- 40% increase proposal was just a starting point for negotiations
- GTU says the strike could last as long as one month
- Teachers will be compensated for salaries lost during the strike
- Union tells parents that children could be ‘idle’ if sent to school
- President Granger blamed for causing countrywide strike
By Devina Samaroo
With teachers countrywide on strike for better salaries, their Union says it is prepared to financially support them during this period which could last as long as a month.
After three years of negotiations for better pay, the Guyana Teachers Union (GTU) said it will not be accepting Government’s paltry proposal of $700M to be divided among roughly 10,000 persons.
GTU President Mark Lyte said he is prepared to accept lower than the Union’s proposed 40% across the board increase for 2016 and a single digit increase for the years onward until 2020.
If Government’s proposal is accepted and applied for one year alone, teachers will get an estimated $5000 increase on their salaries per month, Lyte explained.
“The Union always knew that we had an option to negotiate down. What has not happened is that the Government did not bring a percentage for us to negotiate down, they brought a ballpark figure,” Lyte explained to reporters at a press conference at the GTU Headquarters on Tuesday.
“The starting point was at 40% with the hope that we could negotiate our way down to an acceptable percentage,” he added.
The GTU strongly believes that the Government can afford to make a better offer since it was their own members who recommended an initial 40% salary increase in a report which was submitted to the Cabinet.
In 2015, the Union – as is customary – submitted its multiyear agreement which included proposals for salary increases and other benefits for the nation’s educators.
Initial talks broke down and the Government then imposed across the board salary increases for all public servants for 2016 and 2017.
Teachers were told that those increases were for the interim as the discussion continued.
In October 2017, the Union threatened to strike but President Granger intervened and established a task force to examine the Union’s proposal.
The task force, which included Government officials and Union representatives, submitted its report of recommendations to Cabinet.
On August 9, 2018, the Ministry of Education met with the Union and made counterproposals which were rejected by the GTU.
The full impact of this massive strike action will be felt next week when schools reopen after the two-month break but the Government is currently rolling out an emergency plan which includes dispatching retirees and trainee teachers to public educational institutions.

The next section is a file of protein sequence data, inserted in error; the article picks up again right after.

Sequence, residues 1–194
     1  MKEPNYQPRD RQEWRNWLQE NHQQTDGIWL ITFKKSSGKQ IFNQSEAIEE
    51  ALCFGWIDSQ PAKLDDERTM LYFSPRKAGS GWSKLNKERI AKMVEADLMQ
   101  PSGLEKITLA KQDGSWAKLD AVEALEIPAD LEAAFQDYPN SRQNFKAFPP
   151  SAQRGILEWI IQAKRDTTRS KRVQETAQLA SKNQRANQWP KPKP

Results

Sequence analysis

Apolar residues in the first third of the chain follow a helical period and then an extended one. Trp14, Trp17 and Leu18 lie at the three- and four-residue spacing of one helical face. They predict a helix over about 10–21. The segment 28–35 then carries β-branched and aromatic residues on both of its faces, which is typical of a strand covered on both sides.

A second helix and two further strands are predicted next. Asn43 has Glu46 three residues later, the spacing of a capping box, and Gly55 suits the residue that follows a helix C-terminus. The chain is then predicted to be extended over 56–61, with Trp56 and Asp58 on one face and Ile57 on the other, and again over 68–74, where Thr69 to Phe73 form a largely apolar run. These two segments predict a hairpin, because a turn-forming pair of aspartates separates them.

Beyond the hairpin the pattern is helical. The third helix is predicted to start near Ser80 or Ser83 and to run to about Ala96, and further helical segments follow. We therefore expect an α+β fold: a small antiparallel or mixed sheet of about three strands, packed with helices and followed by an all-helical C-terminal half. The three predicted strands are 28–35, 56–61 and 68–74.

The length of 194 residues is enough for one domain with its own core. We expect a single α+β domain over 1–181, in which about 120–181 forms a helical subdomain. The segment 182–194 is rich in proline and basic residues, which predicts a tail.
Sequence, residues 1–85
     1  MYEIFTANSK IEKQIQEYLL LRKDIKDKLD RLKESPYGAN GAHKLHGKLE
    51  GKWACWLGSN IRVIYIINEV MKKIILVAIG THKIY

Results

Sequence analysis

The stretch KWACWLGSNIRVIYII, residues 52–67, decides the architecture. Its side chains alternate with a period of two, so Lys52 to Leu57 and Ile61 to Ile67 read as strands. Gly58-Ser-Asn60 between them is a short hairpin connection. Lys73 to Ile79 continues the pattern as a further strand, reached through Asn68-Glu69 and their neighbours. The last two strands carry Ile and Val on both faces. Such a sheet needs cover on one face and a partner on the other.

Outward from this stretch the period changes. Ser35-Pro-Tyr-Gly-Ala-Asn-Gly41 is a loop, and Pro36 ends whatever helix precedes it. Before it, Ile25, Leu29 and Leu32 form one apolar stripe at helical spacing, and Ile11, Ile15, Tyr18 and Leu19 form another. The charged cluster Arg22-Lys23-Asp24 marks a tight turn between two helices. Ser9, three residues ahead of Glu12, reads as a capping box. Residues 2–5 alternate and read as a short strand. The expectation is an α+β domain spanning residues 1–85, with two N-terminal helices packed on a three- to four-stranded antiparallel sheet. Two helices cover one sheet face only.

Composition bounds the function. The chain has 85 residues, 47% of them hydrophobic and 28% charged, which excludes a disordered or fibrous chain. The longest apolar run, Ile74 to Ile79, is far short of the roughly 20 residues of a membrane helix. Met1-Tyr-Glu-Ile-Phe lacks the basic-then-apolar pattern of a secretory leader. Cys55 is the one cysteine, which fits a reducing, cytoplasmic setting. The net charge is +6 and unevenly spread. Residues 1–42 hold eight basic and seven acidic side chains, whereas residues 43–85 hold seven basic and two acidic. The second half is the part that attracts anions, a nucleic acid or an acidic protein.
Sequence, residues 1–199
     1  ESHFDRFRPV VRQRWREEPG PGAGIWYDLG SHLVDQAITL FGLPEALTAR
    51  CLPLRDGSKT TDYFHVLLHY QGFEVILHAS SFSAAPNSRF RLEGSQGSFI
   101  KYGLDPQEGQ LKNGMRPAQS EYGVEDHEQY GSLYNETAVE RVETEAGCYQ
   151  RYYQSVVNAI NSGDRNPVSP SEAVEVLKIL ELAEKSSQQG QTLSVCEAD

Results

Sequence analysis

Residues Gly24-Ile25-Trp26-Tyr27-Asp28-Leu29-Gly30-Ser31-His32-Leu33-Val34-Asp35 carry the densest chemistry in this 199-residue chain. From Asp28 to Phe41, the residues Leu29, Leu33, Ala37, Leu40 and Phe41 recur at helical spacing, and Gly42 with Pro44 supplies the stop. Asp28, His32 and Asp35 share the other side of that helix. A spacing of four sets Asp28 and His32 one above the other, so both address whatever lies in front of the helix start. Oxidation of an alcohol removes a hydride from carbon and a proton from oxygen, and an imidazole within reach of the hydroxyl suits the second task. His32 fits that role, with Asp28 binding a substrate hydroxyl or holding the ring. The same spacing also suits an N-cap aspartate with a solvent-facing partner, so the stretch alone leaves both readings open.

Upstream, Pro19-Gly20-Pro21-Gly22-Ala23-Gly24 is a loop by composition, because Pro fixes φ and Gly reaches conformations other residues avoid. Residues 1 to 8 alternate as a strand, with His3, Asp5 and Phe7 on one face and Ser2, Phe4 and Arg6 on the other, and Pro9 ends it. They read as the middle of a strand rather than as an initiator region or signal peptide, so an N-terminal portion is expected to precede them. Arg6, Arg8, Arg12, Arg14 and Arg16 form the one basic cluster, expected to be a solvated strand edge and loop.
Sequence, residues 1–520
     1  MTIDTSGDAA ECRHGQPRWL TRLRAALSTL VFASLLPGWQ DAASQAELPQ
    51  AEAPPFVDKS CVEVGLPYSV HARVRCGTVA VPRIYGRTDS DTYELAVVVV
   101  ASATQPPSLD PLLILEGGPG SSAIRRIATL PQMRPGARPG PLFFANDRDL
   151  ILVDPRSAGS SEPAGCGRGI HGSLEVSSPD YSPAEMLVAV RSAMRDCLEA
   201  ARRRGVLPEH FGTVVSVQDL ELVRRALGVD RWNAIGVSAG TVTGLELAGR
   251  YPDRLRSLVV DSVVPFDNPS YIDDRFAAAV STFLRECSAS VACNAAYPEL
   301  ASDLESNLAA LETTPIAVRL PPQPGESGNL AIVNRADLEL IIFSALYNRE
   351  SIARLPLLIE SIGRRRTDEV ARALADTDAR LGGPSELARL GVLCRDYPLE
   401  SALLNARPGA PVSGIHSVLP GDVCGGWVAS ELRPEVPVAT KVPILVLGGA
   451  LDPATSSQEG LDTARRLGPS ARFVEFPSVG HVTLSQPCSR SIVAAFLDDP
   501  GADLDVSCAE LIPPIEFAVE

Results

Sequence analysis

To those teachers, the GTU wished them “good luck” even as it questioned the merit of Government’s plan, and cautioned parents to consider whether they trust their kids to be supervised under such conditions.
According to GTU General Secretary Coretta McDonald, the Government will have to stand the expense of providing accommodation and travelling allowances for the backup teachers to outlying regions.
To parents, she said: “whether you want to send your child to idle or to be ‘god forbid’ anyone to interfere with them, or anyone to mislead them with the curriculum, that’s your decision.”
The GTU General Secretary also had a few words of caution for those teachers who will not be participating in the strike.
“Accepting the keys to the school, it’s your responsibility to write the log at the end of the day, ensure children are being taught, school doors are closed and when we submit our keys and inventories, and if anything goes missing, then you will have to account for it,” McDonald stated.
For those teachers going on strike, the GTU said it has enough finances to offer them financial relief.
Depending on the number of teachers who join the movement, the GTU noted that they can offer both partial and full compensation for the monies teachers will be losing if they partake in the strike.
NO CONFIDENCE IN LABOUR DEPARTMENT
Meanwhile, the GTU will be meeting with the Ministry of Education on Wednesday for conciliatory talks, supervised by the Ministry of Social Protection’s Department of Labour.
However, GTU President contended that the entire Ministry of Social Protection is in no position to be impartial to act as arbitrators.
Therefore, Lyte says the GTU it is prepared to have an independent body – comprising representatives from both the Government and Union and an impartial individual – arbitrate the proceedings going forward.
Meanwhile, the GTU has blamed President David Granger for causing this strike action. The Union argued that it was the Head-of-State who set up a task force to make recommendations on the issue, yet his Government is ignoring the proposals of that task force.
“The Guyana Teachers’ Union lays the full blame, the full blame I repeat, of this strike action, at the feet of His Excellency President David Granger who put a task force in place and refuse to act on its recommendations,” Lyte posited.